We savoured Scottish summers – both because they were so short, but are also a magical time when you live so far north. The scenery is bursting with life – the grass lush and thick, the trees hanging with fruit and the flowers in bloom. The nights can stay light past 10pm, and occasionally we would catch sight of the northern lights.
What better way to enjoy a Sunday than to pack a picnic and seek out and architectural gem – the Pineapple. The Pineapple is a wonderful testament to British eccentricity. A summer house that has beautiful sloping lawns and fruit trees surrounded by a huge walled garden, it originally looked quite unassuming when first built in 1761 by the 4th Earl of Dunmore. When he was forcibly brought back from serving as the Governor of Virginia in 1771, it was common practice for returning sailors there to put a pineapple on the gatepost to let everyone know they had returned home. A bit of a wag, the 4th Earl built a huge stone pineapple on the roof of the house!
Now owned by the National Trust for Scotland, the Pineapple is a secret gem – we would often be the only ones there, and spread out our refreshments beneath the trees, running and throwing a ball to each other on the well-kept lawns, returning for fresh strawberries, Scottish smoked salmon and iced water. If you ever fancy visiting, you can even stay in the house as a guest. Good times!
This is my submission for the WordPress Weekly Photo Challenge: Summer Lovin’.
Bangour Village Hospital is an abandoned mental hospital in Scotland, near Livingstone. It has it’s own church, and many buildings which lie abandoned, boarded up. It would have been prime development land, and was purchased by a large development company, but with the GFC, wasn’t considered worth developing.
I am not usually keen on the over-cooked HDR look, but for the mood I wanted to bring out, I pushed things a bit further.
It was hot. 36 Celsius and no breeze. The summer was coming to an end, and making one last attempt to zap anyone foolish enough to go outside with UV. But my five year-old son needed to let off steam and do something physical, so we headed up the mountain to Katoomba, and took his favourite train ride (the world’s steepest!) down from Scenic World, to the rainforest below.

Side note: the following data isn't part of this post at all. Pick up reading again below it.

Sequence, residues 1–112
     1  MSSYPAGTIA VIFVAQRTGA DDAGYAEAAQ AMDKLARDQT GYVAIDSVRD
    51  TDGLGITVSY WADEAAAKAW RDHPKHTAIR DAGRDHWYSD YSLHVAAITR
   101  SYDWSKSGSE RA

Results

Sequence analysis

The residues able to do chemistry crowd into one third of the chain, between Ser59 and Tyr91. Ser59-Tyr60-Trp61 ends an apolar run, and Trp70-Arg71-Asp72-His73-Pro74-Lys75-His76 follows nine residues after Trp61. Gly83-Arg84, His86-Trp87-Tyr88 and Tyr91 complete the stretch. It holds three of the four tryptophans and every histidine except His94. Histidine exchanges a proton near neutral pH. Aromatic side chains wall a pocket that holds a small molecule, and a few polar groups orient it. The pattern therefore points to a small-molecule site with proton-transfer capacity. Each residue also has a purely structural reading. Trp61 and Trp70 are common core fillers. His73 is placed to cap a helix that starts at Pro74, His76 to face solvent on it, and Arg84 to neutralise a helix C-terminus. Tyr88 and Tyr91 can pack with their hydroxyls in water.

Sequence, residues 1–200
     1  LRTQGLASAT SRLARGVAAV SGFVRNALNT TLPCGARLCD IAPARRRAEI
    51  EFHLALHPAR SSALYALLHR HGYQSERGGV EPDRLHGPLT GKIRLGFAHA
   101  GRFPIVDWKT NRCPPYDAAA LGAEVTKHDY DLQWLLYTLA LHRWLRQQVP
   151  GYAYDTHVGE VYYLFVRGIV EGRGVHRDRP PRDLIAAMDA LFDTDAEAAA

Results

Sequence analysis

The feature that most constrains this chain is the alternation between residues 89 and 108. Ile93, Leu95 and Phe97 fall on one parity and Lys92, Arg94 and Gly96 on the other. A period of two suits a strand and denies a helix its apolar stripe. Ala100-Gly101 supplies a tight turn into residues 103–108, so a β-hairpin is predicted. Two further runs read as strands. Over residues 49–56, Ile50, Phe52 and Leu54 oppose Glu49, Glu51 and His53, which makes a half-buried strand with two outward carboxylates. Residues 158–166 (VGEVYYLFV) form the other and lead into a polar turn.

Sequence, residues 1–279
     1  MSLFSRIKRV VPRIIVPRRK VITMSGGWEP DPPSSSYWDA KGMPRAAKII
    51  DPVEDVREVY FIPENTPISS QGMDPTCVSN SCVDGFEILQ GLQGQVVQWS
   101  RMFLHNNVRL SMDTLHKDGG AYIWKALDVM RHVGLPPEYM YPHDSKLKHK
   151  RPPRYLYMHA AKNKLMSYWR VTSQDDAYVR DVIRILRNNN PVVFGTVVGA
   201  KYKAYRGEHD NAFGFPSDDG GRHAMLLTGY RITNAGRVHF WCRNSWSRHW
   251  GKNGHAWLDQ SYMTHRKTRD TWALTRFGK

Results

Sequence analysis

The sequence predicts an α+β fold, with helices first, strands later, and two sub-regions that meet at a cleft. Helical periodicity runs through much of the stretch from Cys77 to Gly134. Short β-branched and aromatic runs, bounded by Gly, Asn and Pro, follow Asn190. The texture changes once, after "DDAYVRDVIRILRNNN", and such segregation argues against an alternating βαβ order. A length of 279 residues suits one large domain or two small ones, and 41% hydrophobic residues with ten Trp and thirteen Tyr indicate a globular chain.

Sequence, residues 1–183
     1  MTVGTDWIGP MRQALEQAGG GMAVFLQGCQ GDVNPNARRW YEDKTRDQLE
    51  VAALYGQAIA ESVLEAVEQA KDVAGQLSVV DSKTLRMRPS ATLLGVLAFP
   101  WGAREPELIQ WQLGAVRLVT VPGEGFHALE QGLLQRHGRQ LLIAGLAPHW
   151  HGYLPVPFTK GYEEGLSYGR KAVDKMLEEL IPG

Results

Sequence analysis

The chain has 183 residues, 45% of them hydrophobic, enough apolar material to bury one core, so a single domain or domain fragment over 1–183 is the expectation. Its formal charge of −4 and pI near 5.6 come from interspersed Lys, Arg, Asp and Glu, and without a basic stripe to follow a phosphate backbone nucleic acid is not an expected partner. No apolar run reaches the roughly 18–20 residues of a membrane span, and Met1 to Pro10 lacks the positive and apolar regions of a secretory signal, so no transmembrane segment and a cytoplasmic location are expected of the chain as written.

It’s beautiful down here. We hike and have a picnic together. It’s green and lush and cool beneath the canopy.
Australia Day stirs mixed feelings in me. Most Australians are incredibly lucky, with democratic freedoms and an economy that makes them amongst the best off in the world. However, the wealth and opportunities are not there for indigenous Australians, and Australia Day doesn’t give this hidden Australia much to celebrate.
Australia is changing though. It is steadily becoming more multi-cultural, and most younger people are comfortable with this, embracing the mix of European and Asian cultures that surround us. I work in education, and my employer is intent on taking positive steps to make sure all of Australia is part of what we do.
I choose to take a positive outlook on what Australia Day can be – a mark in time that lets us assess where Australia has been and the progress we are making.
The Blue Mountains Winter Magic Festival is held each year around the winter solstice, and is a community event that brings artists, musicians, drummers, dancers and the wider community together.
The sense of fun amongst people who were gathering for the parade was fantastic, with singers, drummers and a samba group all creating as much noise as possible. The effort people had put into their costumes was tremendous, and I was particularly struck by the drum corp, who managed to keep in character and drum out the beat for everyone to march to.
Stone garden, Maison Européenne de la Photography, Paris.